Preview of functional programming syntax for futile.paradigm 2.1

July 9, 2012

(This article was first published on Cartesian Faith » R, and kindly contributed to R-bloggers)

I’m developing a streamlined syntax for the next release of futile.paradigm. While this version is backwards compatible, it introduces a cleaner syntax for functional programming. The noteworthy improvements are a more natural pattern matching syntax, integrated (optional) type checking in functions, and a cleaner syntax for type constructors. Here are some examples.

Fibonacci Sequence

This sequence is a good example of a recursive definition.

fib(0) %as% 1
fib(1) %as% 1
fib(n) %as% { fib(n-1) + fib(n-2) }

Kronecker Delta

The unit impulse is a common multipart function.

delta.k(0) %as% 1
delta.k(x) %as% 0


This example is a little contrived but is illustrative of the type checking you can perform.

inverse(matrix x) %as% solve(x)
inverse(numeric x) %as% x^-1

Multiline Functions

Clearly not all functions are one liners, so we support multiline definitions as well.

fn(x, y) %as% {
  z <- x + y
  z * 2

Type Constructors

The syntax for type constructors in previous versions of futile.paradigm is a little klunky. With f.p 2.1 the definition for type constructors can collapse into the same syntax as regular. Creating these types could thus look like this:

Portfolio(x) %as% {
  returns <- get.returns(x)

p <- Portfolio(my.prices)

The one caveat is that this may break the %isa% function, although with direct type checking it may not be needed anymore.


More complicated expressions should continue to use the %when% and %also% syntax, although the new syntax should cover ~85% of use cases (based on my own usage).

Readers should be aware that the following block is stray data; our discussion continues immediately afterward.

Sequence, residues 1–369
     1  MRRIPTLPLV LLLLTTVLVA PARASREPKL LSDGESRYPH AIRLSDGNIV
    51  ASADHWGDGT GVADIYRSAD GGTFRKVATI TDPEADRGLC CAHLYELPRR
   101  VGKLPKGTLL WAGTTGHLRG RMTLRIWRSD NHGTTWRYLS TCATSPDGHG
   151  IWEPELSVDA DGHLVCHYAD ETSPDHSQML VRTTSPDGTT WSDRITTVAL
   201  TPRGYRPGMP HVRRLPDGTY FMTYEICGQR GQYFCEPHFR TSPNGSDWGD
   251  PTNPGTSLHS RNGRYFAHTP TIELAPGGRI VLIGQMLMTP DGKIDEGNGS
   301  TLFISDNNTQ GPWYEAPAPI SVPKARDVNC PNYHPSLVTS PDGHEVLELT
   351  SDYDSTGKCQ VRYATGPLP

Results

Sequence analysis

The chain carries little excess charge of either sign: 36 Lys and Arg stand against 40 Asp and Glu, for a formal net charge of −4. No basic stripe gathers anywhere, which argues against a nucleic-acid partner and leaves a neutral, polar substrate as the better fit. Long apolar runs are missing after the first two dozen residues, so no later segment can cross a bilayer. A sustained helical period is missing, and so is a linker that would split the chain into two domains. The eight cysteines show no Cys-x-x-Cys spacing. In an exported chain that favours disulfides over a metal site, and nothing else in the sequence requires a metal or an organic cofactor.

At times the ellipsis would be useful in multipart functions. I haven’t come up with a way of integrating it that I’m satisfied with. It really comes down to making sure the syntax and interpretation is deterministic. The other problem is that the extra tests involved with the ellipsis could impact performance. So this one is a work in progress.

Default values are another convenience that I’m working out how to integrate. While I am a bid advocate of functional syntax, I think we should leverage the features that R has to offer. Again, this comes down to a deterministic evaluation that has good performance.

I’m toying around with some ideas for optimizations, particularly for tail recursion, but this is still in the idea stage.

Feel free to send me suggestions on syntax as I have not implemented this yet although I plan to in the next week or so. Any test cases would be great as well.

To leave a comment for the author, please follow the link and comment on their blog: Cartesian Faith » R. offers daily e-mail updates about R news and tutorials on topics such as: Data science, Big Data, R jobs, visualization (ggplot2, Boxplots, maps, animation), programming (RStudio, Sweave, LaTeX, SQL, Eclipse, git, hadoop, Web Scraping) statistics (regression, PCA, time series, trading) and more...

If you got this far, why not subscribe for updates from the site? Choose your flavor: e-mail, twitter, RSS, or facebook...

Comments are closed.


Mango solutions

RStudio homepage

Zero Inflated Models and Generalized Linear Mixed Models with R

Dommino data lab

Quantide: statistical consulting and training



CRC R books series

Six Sigma Online Training

Contact us if you wish to help support R-bloggers, and place your banner here.

Never miss an update!
Subscribe to R-bloggers to receive
e-mails with the latest R posts.
(You will not see this message again.)

Click here to close (This popup will not appear again)